Is Medicating Pullets an Ongoing Ritual or Only If Needed Basis (long)

Discussion in 'Emergencies / Diseases / Injuries and Cures' started by SussexInSeattle, Nov 5, 2008.

  1. SussexInSeattle

    SussexInSeattle Chillin' With My Peeps

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    Hi, I have 1 pullet from 3-08, 2 from 5-08 and 7 chicks from 9-08.

    The new ones came with brown runny stinking poop and I eventually wondered if that could have been coccidiosis or could it be stress poo but read someone's site that said they used 1 TBS vinegar to a quart of water and this could bring about a cure. I did this with the 7 chicks and things improved to white with gray poo for the most part but still an occasional brown-runny-stinky.

    It seemed everybody had the nice poo for a while and everybody would occasionally have the bad poo again. Of course they are on medicated chick starter also.

    So my question is this; do I need to buy the medication for the water if I am unsure if it is coccidiosis, for like an insurance, is there other things I should be purchasing since I have increased my numbers from small and healthy to 10 and questionable health? Should I buy duster stuff for if there is lice or would I be able to see lice? Ultimately the question is do I do the medications as a matter of course and do it regardless like a safeguard or should I only ever medicate if I have a definate sick bird? (like they do wormings on horses no matter what every 6 or 8 weeks) Also is Sevin Dust anything to consider using or would that be wrong?

    Everybody in the flock eats like pigs, have pretty feathers and free range in my entire yard all day as they were really doing a number on the grass in their pen.
     
  2. silkiechicken

    silkiechicken Staff PhD Premium Member

    If they are all running around, happy, eating like normal, no need to medicate for anything. Cocci = lethargic skinny not-eating chicks.

    I've had birds up in Everett 10+ years now. I've only medicated with a cocciodistant once in that time when I had a flock of birds get bloody poo because they got exposed to soil too late in life and didn't build up an immunity.

    Brown melted poos are normal. It's called cecal poo.
     
  3. patandchickens

    patandchickens Flock Mistress

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    Quote:Are you familiar with cecal poo? I wonder if the occasional brown-runny-stinky is that. Cecal poo (they do it a few times per day) is a totally normal part of chickens' digestive processes and nothing to worry about.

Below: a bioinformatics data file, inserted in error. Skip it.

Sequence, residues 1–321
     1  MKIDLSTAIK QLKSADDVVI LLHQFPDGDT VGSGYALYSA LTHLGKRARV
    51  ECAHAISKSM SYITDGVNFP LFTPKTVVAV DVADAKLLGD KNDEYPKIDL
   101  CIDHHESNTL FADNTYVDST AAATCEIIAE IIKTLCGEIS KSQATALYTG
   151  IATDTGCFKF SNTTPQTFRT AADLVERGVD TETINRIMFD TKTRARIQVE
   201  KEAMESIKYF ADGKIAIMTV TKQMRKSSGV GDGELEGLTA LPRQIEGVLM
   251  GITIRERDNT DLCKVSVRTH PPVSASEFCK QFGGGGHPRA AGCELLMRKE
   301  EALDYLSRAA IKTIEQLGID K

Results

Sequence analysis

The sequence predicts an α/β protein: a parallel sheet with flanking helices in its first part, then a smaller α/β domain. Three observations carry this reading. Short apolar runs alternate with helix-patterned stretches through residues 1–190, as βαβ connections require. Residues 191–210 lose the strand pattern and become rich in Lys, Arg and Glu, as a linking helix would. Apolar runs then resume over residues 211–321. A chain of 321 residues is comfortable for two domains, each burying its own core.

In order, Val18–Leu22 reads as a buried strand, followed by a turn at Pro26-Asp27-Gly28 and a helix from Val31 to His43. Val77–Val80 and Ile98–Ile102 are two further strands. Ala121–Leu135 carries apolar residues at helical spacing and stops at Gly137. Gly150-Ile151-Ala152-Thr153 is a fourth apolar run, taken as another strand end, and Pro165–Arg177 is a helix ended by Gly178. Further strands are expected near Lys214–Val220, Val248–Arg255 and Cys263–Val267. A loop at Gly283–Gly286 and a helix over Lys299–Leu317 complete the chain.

So my question is this; do I need to buy the medication for the water if I am unsure if it is coccidiosis

    It does not sound like coccidiosis to me, although, what do I know. It is not hard to determine whether your chickens have coccidiosis, though. All you have to do is take a poo sample to a vet who's willing to do a fecal. You do not need a vet who knows thing one about chickens (this is about the only thing where that's the case, and very handy it is too) -- pretty much all animals get coccidiosis (their own, species-specific types) and thus ANY vet can examine ANY poo and tell ya whether there's coccidia being shed. Of course not all vets may be *willing* to, but call around, you'll find one. Shouldn't be too expensive, especially if you can get your regular cat/dog/horse type vet to do it (if you already are a client, they're more likely to do weird things for you like examine anonymous chicken droppings)

    Medicating without knowing what the problem is, is unlikely to help, and can actually hurt.

    Good luck,

    Pat​
     
  4. SussexInSeattle

    SussexInSeattle Chillin' With My Peeps

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    OK well this is a new one on me, WTH is Cecal poo and why, oh why, do they do that?!?!?

    My first experience of being pooped on happened by my oldest when she was overhead in the rafters and it also was that nasty brown runny stuff and I thought at that time that she was trying to tell me that I had infected her with these bratty little chicks. Also that turd stunk to high heaven, thank God it landed on my jacket hood, nothing a gallon of bleach and a good washing machine couldn't cure! So the insane stink made me really start to wonder if it was coccidiosis.

    And yes I have seen it before, about 15 years ago in a Boston Terrier pup. Seemed like that smell could gag a maggot. The projectile vomiting wasn't pretty either.
     
  5. SussexInSeattle

    SussexInSeattle Chillin' With My Peeps

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    Where's my manners?!?! Thank you both for your swift and informative replies! Very much appreciated!
     
  6. hinkjc

    hinkjc Overrun With Chickens Premium Member

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    You mentioned putting vinegar in their water. Did you use apple cider vinegar? You don't want to use regular vinegar. Also, make sure to use vinegar only in plastic waterers.

    I also wanted to mention that stool consistency does change depending on food consumption, treats, etc. I think what most worry about is really nothing.

    Jody
     
  7. gritsar

    gritsar Cows, Chooks & Impys - OH MY!

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  8. CK Chickadilly

    CK Chickadilly Chillin' With My Peeps

    Sep 11, 2008
    West Michigan
    Quote:Well...that was fun! [​IMG]

    So what does the vinegar do for the chickens?
     

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